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A question need solution

  1. May 3, 2013 #1
    please help.
    i'm studying about VVER, but i meat dificult when i found document.
    who can help me know: why VVER's Steam Generation has structure horizontal?
    with this design what advantages and disadvantage when we compare with design that have vertical Steam Generation? (PWR or BWR)
    thank so much.
     
  2. jcsd
  3. May 3, 2013 #2

    Astronuc

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    Staff: Mentor

    These are good questions. The following article attempts to answer or at least explore these questions.

    Steam generators – horizontal or vertical (which type should be used in nuclear power plants with VVER?). Atomic Energy - Volume 105, Issue 3, pp 165-174, September 2008
    N. B. Trunov, B. I. Lukasevich, D. O. Veselov, Yu. G. Dragunov

    http://link.springer.com/article/10.1007/s10512-008-9090-1

     
  4. May 4, 2013 #3

    jim hardy

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    2016 Award

    I believe the reason for vertical steam generators is not a matter of performance , it's just they take less floor space than a horizontal steam drum. A big part of a plant's cost is the containment building. It is made however big it needs to be to contain the steam resulting from a worst case pipe rupture and no bigger. Recall the first PWR's had to fit inside a submarine hull.

    The vertical steam generators in our PWR exhibit large changes in indicated level when pressure changes.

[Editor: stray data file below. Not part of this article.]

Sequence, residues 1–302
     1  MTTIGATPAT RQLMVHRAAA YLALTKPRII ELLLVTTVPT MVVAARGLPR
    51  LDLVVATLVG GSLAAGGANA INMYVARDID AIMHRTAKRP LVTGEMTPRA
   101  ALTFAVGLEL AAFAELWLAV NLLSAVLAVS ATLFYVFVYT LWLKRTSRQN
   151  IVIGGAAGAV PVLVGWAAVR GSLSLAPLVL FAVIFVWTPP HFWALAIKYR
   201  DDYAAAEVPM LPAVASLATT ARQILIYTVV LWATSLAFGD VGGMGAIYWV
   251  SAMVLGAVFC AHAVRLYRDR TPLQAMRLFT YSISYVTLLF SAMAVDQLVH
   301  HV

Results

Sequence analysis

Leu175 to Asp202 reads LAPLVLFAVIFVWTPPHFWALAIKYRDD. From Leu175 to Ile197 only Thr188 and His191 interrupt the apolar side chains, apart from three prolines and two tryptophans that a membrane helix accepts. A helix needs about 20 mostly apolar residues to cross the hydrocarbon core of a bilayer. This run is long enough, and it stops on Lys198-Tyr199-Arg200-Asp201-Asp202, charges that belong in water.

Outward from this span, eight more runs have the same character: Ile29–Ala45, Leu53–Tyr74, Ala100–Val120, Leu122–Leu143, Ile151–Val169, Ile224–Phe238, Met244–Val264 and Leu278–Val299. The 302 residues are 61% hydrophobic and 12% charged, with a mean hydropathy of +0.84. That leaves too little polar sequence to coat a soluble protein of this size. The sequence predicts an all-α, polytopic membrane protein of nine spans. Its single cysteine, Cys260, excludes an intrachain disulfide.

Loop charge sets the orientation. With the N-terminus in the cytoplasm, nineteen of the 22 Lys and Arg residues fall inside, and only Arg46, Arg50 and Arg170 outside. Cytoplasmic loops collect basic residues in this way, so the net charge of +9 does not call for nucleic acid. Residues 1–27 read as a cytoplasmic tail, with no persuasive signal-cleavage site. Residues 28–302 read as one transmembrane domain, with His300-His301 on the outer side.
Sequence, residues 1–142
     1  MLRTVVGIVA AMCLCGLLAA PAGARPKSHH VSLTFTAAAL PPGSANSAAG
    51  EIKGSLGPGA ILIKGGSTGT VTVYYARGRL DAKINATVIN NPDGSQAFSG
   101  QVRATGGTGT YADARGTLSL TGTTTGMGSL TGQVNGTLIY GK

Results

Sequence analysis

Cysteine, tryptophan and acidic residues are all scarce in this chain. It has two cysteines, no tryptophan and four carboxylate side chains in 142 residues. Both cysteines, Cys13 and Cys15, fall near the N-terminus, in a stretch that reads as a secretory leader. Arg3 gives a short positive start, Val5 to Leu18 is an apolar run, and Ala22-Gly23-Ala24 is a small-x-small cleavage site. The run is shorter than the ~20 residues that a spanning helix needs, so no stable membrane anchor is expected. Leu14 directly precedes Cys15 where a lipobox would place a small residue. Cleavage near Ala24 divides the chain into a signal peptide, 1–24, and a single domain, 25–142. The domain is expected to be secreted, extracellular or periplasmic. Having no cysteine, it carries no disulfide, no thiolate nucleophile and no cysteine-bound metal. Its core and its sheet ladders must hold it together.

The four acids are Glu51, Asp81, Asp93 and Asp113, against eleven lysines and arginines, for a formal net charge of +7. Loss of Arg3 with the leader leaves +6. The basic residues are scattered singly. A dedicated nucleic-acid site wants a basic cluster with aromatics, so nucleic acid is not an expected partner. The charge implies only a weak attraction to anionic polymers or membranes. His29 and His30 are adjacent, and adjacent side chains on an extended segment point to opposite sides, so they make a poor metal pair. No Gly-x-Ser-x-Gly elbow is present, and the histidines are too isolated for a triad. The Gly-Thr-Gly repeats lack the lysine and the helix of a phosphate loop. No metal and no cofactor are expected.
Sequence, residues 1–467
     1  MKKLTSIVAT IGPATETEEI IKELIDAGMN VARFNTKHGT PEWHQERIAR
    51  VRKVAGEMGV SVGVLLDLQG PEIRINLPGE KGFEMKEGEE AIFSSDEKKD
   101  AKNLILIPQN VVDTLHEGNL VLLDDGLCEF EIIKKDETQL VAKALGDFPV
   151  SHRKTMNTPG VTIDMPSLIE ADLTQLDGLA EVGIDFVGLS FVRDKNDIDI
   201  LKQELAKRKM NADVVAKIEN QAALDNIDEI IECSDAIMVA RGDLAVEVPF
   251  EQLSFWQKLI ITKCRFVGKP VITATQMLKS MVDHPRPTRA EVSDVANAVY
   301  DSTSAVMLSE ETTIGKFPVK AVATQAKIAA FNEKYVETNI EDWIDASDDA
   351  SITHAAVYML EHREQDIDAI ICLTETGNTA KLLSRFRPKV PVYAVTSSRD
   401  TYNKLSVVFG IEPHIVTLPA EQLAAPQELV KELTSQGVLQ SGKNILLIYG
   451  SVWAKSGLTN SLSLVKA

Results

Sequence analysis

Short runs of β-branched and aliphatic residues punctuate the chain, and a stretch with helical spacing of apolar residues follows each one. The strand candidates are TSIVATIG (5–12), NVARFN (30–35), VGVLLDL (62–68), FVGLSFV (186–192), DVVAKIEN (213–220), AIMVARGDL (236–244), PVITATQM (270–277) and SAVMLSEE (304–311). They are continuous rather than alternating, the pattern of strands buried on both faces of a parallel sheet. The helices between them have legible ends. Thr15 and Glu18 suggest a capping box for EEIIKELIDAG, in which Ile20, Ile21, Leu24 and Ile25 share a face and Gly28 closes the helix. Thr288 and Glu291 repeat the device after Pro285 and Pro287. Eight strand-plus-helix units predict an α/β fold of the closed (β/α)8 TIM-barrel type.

Look at page 13 here:
    http://mitnse.files.wordpress.com/2011/03/pwr_plant_04.pdf
    on the right side you'll see two instrument taps that are not far apart vertically. The level sensors connected there are called "Narrow Range" because they only cover the operating range not the full height of the steam generator.
    So the narrow range level instrument reports the mass between those taps. That's what dp cells do, report the approximate mass that's between their taps.
    A sudden pressure increase collapses steam voids and level falls. So even though total mass inventory of the steam generator hasn't changed, mass has moved down below the space between the narrow range taps so reported level moves down accordingly. That's called "boiler shrink "
    The opposite happens on a pressure decrease, level rises, "boiler swell".
    It takes operators quite a bit of practice to learn "that magic touch" of manual steam generator level control.

    Wide range instruments that are connected between upper instrument tap and one way down by bottom drain nozzle(it's not shown on that sketch but that's where it is) do not show that pressure dependence, they report a more true picture of mass inventory.
    It would be interesting to sense narrow range level from the wide range taps and electronically offset to get narrow range indication. But that'd be an experiment, and one at my low level just doesn't tinker .


    I suspect your horizontal steam generators are more control-friendly to the operator . I didn't know anybody had them. Do you know any VVER operators who could say if they're tricky to handle?

    fascinating, this:
    vver.jpg

    versus that:
    PWR2.gif

    Clearly a horizontal drum gives more surface area for the steam to dissociate itself from the water.
    Look at those complex moisture separators and steam dryers in our PWRs, page 12 & 13 linked earlier.
    There's a reason early boilers evolved horizontal steam drums.

    Babcock_and_Wilcox_boiler_%2528Heat_Engines%252C_1913%2529.jpg

    You'll find an interesting article on evolution of boiler design here:
    It's from "Steam" by B&W. After all, they literally wrote the book on steam.

    http://www.gutenberg.org/files/22657/22657-h/chapters/evolution.html

    I hope I didn't digress. We old guys do that a lot.

    jim
     
    Last edited: May 4, 2013
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